• I backed up data, not programs or program configurations. Whenever I re-installed my PC it was usually for the purpose of cleaning things out so I didn’t want anything except data from my old PC. I kept copies of the program disks but if a program went bad it was a re-install, not a restore This habit solidified in my Windows days. It’s changed a bit for Linux and OS X. Not so much because there’s not a need to clean up, but just because all the configuration is file based and it’s easy to copy and restore (or delete if it’s suspect).
  • I tended to keep my backups small as it was just easier to deal with. I was never into using clones (like Ghost) as a way of doing backups.

I got my data files, now what…
Luckily I never got bit by this (just close calls) but just having the data wasn’t enough. This became a problem as I abandoned Windows and moved to Linux. Moving the data wasn’t a problem but I had archived older data. There came a time when I had to pull out some archived data that had been created with Windows software. I had rebuilt my Windows PC without most of the software. I had to hunt around to find copies of the original programs to read the files. Then I had to install the programs to read the data.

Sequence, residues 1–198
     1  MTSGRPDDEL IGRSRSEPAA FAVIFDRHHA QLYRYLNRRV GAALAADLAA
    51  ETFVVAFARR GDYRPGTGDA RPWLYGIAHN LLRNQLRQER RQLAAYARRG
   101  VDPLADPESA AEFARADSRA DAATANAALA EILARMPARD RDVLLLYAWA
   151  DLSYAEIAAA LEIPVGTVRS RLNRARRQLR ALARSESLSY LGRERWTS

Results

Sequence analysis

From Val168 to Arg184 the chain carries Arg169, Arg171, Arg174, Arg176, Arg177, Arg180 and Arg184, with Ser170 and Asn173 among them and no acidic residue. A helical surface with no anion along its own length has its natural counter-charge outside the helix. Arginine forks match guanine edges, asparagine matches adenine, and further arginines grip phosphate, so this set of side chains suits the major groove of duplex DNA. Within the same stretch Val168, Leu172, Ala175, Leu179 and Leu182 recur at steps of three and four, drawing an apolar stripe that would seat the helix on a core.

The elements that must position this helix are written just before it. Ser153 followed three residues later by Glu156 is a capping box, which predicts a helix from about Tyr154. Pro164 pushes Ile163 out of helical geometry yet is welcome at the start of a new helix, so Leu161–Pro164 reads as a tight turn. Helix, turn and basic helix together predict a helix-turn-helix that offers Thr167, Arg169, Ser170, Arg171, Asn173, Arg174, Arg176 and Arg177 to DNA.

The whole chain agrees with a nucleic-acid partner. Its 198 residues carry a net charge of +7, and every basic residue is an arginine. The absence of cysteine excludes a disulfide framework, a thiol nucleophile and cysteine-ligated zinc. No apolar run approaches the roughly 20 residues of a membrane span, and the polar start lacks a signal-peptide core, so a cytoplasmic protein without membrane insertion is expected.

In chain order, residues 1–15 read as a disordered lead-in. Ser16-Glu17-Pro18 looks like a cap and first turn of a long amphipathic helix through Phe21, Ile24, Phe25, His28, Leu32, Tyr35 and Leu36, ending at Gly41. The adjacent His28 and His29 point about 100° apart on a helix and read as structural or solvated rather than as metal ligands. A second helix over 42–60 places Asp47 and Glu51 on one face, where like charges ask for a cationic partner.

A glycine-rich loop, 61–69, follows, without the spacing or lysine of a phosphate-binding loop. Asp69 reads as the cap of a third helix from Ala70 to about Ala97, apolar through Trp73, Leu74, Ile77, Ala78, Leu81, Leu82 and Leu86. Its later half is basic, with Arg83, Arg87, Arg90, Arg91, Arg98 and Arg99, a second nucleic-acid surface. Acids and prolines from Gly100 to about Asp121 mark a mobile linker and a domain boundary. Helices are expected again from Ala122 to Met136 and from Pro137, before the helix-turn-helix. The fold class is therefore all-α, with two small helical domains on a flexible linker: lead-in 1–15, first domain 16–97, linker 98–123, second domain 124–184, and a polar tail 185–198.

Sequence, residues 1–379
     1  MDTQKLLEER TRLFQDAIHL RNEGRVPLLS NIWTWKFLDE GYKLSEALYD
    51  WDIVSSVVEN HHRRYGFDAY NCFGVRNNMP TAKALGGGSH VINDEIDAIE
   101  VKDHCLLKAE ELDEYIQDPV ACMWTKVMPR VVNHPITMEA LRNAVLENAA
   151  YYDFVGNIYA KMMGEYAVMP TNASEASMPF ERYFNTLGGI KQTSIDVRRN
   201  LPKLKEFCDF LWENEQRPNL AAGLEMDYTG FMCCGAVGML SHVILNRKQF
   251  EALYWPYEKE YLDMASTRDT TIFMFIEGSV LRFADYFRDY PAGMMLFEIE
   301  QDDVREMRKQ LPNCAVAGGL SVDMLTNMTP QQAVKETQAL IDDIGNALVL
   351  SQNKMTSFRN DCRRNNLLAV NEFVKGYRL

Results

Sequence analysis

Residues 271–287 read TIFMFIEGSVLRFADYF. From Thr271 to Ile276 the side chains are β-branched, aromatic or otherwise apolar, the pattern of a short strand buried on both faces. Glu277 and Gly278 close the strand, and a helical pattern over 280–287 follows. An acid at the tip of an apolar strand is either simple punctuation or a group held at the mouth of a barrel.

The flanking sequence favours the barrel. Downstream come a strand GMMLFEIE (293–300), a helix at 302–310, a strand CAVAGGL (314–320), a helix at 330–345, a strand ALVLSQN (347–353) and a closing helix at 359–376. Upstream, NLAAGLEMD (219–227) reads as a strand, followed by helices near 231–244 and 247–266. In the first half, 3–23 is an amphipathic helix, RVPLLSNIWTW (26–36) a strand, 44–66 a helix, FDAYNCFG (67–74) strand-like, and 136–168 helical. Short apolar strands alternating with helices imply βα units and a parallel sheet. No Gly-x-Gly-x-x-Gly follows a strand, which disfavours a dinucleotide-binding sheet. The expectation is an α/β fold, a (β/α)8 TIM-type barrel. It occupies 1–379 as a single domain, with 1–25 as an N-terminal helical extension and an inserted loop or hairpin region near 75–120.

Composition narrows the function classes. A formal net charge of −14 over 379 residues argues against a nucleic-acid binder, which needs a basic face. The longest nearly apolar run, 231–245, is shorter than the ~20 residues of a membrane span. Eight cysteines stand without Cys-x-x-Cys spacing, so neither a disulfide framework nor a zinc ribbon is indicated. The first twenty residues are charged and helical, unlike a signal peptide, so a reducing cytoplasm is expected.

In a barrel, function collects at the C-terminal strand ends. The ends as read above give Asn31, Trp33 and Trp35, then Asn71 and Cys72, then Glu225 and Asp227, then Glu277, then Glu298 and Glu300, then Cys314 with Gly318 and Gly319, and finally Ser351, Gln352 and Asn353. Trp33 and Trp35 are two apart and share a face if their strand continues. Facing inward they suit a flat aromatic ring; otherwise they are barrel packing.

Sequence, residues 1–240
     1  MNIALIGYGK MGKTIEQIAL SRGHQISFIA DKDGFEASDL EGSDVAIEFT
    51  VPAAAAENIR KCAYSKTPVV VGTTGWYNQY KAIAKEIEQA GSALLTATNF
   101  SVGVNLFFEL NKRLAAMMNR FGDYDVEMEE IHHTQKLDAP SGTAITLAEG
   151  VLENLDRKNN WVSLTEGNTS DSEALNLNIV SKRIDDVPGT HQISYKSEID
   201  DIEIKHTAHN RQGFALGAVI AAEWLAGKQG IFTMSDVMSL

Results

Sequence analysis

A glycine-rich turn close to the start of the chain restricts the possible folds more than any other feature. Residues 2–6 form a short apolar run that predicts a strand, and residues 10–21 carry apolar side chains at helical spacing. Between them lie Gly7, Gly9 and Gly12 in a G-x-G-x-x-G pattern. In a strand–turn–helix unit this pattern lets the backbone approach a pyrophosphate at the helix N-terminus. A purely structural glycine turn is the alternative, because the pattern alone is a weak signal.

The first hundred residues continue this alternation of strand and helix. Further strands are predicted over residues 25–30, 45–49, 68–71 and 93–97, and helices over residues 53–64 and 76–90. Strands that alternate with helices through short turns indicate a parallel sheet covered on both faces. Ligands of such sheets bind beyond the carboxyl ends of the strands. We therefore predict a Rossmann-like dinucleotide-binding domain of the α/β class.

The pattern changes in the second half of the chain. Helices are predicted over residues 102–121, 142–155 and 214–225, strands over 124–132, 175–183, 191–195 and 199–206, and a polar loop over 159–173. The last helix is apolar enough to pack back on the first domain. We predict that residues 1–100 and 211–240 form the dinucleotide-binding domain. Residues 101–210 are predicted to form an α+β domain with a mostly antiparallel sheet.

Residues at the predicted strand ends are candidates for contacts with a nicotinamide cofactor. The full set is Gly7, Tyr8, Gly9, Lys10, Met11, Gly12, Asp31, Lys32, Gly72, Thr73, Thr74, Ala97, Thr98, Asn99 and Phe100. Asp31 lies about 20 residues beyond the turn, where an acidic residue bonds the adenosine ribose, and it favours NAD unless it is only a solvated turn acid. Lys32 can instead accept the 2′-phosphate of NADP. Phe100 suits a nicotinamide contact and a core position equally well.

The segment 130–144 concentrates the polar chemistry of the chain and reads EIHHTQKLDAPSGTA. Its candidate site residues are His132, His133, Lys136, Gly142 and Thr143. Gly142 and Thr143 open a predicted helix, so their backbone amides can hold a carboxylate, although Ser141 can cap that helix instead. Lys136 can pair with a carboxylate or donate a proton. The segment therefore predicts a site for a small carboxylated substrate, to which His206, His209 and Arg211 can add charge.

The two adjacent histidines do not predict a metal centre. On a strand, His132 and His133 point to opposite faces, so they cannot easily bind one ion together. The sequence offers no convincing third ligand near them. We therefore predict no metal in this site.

Some of the files were simply scans but they had been saved in a proprietary format. My move to Linux had actually solved this issue since all the scans were now standard graphic files or pdfs. There are numerous viewers for them, on every operating system I’m likely to use.

So a new lesson learned here was:

  • Data wants to be widely viewed. I now use a standard format whenever possible so it can be read in whatever is handy. If a standard format does go obsolete it’s time to save some viewers.
  • If the data is proprietary make sure the program that created it is with the backup files. There’s still a catch here in that you need to have an OS that will run the software. See the previous bullet and avoid the whole issue.

The Three Horseman…
Alright, it’s four horseman and they bring bad things. But I’ve found I group my data into three categories which prevents bad things.